Students who have withdrawn after midterm or have failed to register ordinarily will not be considered for readmission until a minimum of one full semester (fall, spring, summer) has passed.

Students who leave the university without officially withdrawing are severing ties to SUNY Cortland and must accept the academic penalties for their actions. If there is an intent to return to SUNY Cortland, a student must go through the readmission process.

F.02 Leave of Absence

Leave of absence for a specific period of time may be granted to a student in good academic standing — not subject to academic suspension, dismissal or probation. A student applying for a leave of absence must give a definite date for return to the university and must register within one academic year of the date of leaving SUNY Cortland. A student not returning to register within the specified time will be classified as an official withdrawal. For the purposes of financial aid, a leave of absence cannot exceed 180 days in any 12 month period.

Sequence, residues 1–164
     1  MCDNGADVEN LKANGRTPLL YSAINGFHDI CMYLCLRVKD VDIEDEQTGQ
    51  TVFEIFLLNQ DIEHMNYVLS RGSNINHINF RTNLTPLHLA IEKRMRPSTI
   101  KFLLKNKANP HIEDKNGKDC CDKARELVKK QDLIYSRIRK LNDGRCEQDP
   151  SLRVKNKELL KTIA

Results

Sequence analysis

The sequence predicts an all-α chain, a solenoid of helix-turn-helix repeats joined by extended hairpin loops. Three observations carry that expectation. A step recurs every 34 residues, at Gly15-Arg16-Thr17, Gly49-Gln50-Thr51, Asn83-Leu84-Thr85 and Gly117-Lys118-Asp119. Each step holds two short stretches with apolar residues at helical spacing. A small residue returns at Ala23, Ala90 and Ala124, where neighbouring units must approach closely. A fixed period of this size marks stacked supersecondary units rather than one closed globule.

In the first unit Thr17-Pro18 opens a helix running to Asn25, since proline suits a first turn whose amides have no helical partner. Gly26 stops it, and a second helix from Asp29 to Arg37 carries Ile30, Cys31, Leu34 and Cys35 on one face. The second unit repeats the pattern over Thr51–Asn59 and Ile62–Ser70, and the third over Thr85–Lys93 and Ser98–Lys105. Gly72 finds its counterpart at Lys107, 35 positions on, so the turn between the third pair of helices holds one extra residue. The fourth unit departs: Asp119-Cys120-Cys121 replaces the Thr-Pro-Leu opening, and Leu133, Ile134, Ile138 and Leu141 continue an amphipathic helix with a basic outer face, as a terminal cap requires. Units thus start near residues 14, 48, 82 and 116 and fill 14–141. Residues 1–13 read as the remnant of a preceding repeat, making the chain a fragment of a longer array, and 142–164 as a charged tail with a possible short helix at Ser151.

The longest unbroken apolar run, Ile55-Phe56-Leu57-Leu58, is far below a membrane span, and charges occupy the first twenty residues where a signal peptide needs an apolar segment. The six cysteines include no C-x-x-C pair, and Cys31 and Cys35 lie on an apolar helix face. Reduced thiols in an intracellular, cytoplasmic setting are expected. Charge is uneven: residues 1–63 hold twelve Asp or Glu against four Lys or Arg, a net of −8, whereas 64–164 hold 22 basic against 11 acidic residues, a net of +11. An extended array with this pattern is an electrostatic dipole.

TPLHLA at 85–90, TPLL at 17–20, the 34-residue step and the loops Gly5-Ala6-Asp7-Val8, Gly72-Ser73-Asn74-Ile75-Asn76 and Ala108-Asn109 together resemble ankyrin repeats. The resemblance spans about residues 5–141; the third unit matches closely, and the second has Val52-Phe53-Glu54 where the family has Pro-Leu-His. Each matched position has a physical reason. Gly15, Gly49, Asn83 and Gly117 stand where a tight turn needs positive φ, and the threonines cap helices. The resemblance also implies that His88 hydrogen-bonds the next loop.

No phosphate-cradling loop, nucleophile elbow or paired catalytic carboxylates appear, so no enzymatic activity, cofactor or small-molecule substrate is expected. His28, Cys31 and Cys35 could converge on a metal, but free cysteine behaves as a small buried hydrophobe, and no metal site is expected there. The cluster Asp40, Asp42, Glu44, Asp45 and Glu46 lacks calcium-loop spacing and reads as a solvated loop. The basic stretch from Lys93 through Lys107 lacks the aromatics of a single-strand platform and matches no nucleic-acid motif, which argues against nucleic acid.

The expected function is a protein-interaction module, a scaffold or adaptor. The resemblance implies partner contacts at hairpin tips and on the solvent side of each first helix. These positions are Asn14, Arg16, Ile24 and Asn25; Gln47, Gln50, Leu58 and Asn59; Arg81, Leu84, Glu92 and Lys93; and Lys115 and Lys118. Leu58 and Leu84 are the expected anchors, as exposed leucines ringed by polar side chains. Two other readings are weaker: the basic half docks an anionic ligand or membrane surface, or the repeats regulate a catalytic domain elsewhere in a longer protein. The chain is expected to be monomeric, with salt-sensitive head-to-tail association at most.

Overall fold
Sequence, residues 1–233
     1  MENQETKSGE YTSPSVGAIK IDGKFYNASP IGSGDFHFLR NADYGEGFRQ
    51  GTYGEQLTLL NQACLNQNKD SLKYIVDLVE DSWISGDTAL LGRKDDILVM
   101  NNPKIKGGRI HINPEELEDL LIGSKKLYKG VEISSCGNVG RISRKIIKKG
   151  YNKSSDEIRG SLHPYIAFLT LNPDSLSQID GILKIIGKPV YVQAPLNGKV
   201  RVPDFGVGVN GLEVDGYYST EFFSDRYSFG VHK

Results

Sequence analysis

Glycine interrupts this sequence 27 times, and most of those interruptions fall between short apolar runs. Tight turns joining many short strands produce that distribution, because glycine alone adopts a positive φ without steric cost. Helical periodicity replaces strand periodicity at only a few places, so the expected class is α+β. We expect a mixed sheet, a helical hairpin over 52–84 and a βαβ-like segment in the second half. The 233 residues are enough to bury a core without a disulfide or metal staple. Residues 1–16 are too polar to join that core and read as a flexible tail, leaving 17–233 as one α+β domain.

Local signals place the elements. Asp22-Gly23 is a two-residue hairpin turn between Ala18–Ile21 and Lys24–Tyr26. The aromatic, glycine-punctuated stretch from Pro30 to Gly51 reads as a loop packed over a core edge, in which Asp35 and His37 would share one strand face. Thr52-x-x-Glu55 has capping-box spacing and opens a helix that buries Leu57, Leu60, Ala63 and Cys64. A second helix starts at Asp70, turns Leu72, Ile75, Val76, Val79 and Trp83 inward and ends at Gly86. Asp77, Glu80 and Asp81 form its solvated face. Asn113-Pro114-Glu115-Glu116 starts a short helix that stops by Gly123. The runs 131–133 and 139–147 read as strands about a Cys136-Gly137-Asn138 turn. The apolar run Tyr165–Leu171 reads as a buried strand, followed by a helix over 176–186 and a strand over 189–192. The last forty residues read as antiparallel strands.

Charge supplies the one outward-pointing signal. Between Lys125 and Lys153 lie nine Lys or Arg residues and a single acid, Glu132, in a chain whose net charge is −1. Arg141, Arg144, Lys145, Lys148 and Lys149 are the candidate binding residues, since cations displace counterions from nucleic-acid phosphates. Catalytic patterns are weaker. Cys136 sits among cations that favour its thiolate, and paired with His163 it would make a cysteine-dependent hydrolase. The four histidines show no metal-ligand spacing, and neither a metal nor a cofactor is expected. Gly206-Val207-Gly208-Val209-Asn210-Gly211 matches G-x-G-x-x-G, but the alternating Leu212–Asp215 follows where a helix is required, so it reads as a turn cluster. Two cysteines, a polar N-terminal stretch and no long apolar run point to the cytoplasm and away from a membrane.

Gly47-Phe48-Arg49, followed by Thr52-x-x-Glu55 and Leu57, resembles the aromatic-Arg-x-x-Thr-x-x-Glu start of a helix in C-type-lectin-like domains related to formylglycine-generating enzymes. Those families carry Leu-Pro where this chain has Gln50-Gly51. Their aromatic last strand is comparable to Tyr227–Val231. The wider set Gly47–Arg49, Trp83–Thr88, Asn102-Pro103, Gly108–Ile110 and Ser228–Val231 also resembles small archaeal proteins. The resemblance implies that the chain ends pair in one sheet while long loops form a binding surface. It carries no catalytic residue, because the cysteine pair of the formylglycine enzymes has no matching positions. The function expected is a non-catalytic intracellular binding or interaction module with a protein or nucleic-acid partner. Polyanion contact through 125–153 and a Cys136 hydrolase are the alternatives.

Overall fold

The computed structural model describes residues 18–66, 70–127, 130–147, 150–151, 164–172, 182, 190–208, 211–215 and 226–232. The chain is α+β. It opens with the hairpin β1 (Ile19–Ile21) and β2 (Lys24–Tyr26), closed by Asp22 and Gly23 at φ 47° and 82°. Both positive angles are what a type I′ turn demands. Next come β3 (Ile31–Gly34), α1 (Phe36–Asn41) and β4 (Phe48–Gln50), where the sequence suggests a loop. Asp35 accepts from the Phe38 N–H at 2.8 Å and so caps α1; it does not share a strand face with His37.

Application for leave of absence must be made to the associate dean of the school in which the student is enrolled. To affect the current semester the application must be made by the last day of classes.

F.03 Readmission

Candidates matriculated for undergraduate degrees who interrupt their education at SUNY Cortland and later wish to return must formally apply to be readmitted and pay a $50.00 Readmission Application Fee. An official leave of absence is not considered an interruption in enrollment. A student who has applied to graduate and has not completed degree requirements, and fails to register for a full calendar year from the end of the last semester of enrollment, must seek readmission before returning to classes at Cortland, or seeking graduation from Cortland.